14 July 2021
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US inflation prints higher than forecast, Powell heads to the Capitol today

By Daniel Richards

  • US CPI came in higher than the market was expecting in June with headline inflation rising to 5.4% y/y from 5.0% in May and core CPI rising to 4.5% y/y from 3.8% in May. Both indices rose 0.9% m/m, still driven by re-opening price increases in airfares, accommodation away from home and food away from home.  Used vehicle prices surged another 10.5% m/m as well as car manufacturers have struggled with chip shortages.  Treasury yields rose on the higher inflation print, but are slightly lower this morning. US equity indices closed lower overnight.
  • Jerome Powell is due to give his semi-annual Humphrey Hawkins testimony today to the House Financial Services committee, before addressing the Senate Banking Panel tomorrow.  The market will be looking for his take on the latest inflation reading. 
  • China’s imports and exports grew faster than expected in June, allaying concerns about slower growth.  Exports jumped 32.2% y/y, beating the consensus forecast of 23.0% while imports rose 36.7% y/y in USD terms. The trade surplus widened to USD 51.5bn, the highest since January.  Some of the increase in the value of both imports and exports may be due to higher prices of raw materials. 

Today’s Economic Data and Events

  • 08:30 Japan industrial production (May) – no forecast
  • 10:00 UK CPI (June) forecast 0.2% m/m and 2.2% y/y
  • 16:30 US PPI (June) forecast 0.6% m/m and 6.7% y/y
  • 15:00 Central Bank of Turkey rate decision – forecast 19%
  • 18:00 Bank of Canada rate decision – forecast 0.25%
  • 20:00 Powell delivers Humphrey Hawkins testimony to House Financial Services committee
  • 22:00 US Federal Reserve releases Beige Book

Fixed Income

  • The UST curve moved higher overnight on June inflation coming in faster than expected (see macro above) and weak performance at an auction of 30yr bonds. Yields on 2yr USTs jumped almost 3bps to 0.2528% while the 10yr closed at 1.4166%, up 5bps. The 2s10s spread steepened but at 116bps still remains relatively flat compared with levels seen only around a month ago.
  • Our expectation is that UST yields have hit their bottom and that they will continue to push upward over the rest of the year. However, it’s unlikely to be a linear trajectory. Yields could dip on a disappointing jobs report or underperformance in upcoming inflation data, when the base effects of weak activity in 2020 will be less pronounced.
  • In the run up to regional Eid holidays, the primary market is quiet.


  • The strong inflation print and pop in UST yields helped to propel the dollar higher against peers. The DXY index rose 0.52% to 92.752, its largest single day move since mid-June. Combined with persistent anxiety over the spread of Covid-19 variants, the strong inflation numbers will help to set up near term bullish moves for the USD.
  • EURUSD provided most of the gains for the dollar, falling by 0.72% to 1.1776. Next week’s ECB meeting could see the central bank introduce more forthright forward guidance although president Christine Lagarde has seemingly been preparing the market for a potentially contentious meeting.
  • USDJPY rose another 0.2% overnight, its third day in a row of gains, as higher UST yields pulled funds toward the dollar. Among other majors, GBPUSD gave up 0.5% as fears grow that the UK could endure a enormous increase in Covid-19 cases when restrictions are lifted later this month.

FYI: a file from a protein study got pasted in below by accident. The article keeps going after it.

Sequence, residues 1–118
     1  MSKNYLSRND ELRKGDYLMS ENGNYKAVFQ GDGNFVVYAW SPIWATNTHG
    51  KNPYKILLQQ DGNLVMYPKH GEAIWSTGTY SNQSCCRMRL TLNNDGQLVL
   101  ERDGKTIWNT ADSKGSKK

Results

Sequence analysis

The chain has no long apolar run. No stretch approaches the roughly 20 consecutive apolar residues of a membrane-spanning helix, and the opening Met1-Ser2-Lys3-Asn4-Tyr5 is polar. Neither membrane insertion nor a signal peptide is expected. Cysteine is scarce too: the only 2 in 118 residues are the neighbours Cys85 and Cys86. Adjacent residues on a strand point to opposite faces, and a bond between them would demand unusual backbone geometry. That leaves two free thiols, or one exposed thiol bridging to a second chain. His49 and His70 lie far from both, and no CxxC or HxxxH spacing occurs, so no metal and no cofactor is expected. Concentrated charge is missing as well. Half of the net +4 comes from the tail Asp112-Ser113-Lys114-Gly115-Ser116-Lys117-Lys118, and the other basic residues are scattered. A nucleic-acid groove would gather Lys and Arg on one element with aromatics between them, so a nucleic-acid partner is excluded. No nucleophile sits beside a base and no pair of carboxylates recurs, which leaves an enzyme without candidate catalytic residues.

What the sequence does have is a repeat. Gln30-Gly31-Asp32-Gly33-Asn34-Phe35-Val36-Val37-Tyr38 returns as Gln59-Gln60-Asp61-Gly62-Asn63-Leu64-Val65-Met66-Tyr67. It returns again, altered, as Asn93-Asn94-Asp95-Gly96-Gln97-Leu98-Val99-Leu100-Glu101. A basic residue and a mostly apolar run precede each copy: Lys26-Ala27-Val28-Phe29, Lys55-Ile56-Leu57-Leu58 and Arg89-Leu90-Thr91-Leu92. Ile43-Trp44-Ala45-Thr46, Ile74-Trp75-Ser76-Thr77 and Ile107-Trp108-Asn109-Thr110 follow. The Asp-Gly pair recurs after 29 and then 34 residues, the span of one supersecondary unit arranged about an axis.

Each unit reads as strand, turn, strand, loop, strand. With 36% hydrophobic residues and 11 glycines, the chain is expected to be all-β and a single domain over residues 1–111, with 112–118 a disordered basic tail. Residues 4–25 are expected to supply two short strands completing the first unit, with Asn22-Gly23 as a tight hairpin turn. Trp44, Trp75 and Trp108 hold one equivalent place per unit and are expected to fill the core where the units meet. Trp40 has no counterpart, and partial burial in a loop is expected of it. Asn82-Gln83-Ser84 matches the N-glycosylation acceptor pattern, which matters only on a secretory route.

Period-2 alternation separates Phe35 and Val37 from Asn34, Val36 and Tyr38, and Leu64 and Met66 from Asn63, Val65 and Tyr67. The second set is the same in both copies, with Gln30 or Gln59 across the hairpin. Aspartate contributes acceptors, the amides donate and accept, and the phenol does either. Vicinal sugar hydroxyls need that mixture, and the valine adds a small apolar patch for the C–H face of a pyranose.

• Commodity currencies were off overnight with USDCAD rising 0.48%, AUD down 0.4% and NZD down nearly 0.5%. However, in early trade today the NZD has surged as the RBNZ has announced that it was bringing its QE programme to an end this month.


  • Gains seen in US equities earlier in the session on the back of positive earnings were later erased as the higher-than-anticipated inflation print came in, and all three major benchmarks closed down, following record closes for all three the day before. The Dow Jones lost-0.3% while the S&P 500 and the NASDAQ both ended the day -0.4% lower.
  • European equities had a fairly slow day even prior to the US inflation print. Many market participants will have been waiting for direction from the US, but the general trend was for a weaker performance even prior to the inflation print as there remain questions over the strength of the pandemic recovery amid many countries. The FTSE 100, the CAC and the DAX all closed flat (down -0.01%), while the composite STOXX 600 eked out a 0.03% gain.
  • Asian equities are lower in early morning trading, as the Nikkei is down -0.2%, the Hang Seng -0.7% and the Shanghai Composite -0.9%.


  • Oil prices bounced higher even as there are few immediate catalysts to push the market one way or the other. Brent futures rose 1.8% to USD 76.49/b while WTI added another 1.6% to USD 75.25/b. The market received a boost from an API report that indicated inventories fell by 4m bbl last week along with a draw of 1.5m bbl in gasoline stocks.
  • The IEA cautioned oil markets that the current OPEC+ impasse on output levels risks tightening balances “significantly” with the implication that high prices will persist. The agency revised up its demand expectation for 2021 by 40k b/d to 96.4m b/d and is projecting a return to 100m b/d of oil demand by H2 2022. The IEA also expects to see the current reticence among the shale patch in the US to higher output to wane by next year and estimates US output will reach a record by the end of 2022. 


Click here for charts and tables



Written By

Daniel Richards Senior Economist

Edward Bell Head of Market Economics

Khatija Haque Head of Research & Chief Economist

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